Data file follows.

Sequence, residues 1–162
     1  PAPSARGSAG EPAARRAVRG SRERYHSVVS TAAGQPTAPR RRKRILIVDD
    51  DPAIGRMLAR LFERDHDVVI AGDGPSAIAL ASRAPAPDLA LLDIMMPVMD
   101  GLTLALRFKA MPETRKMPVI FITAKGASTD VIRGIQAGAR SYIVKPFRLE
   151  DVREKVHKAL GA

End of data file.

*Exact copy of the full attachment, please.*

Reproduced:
Sequence, residues 1–162
     1  PAPSARGSAG EPAARRAVRG SRERYHSVVS TAAGQPTAPR RRKRILIVDD
    51  DPAIGRMLAR LFERDHDVVI AGDGPSAIAL ASRAPAPDLA LLDIMMPVMD
   101  GLTLALRFKA MPETRKMPVI FITAKGASTD VIRGIQAGAR SYIVKPFRLE
   151  DVREKVHKAL GA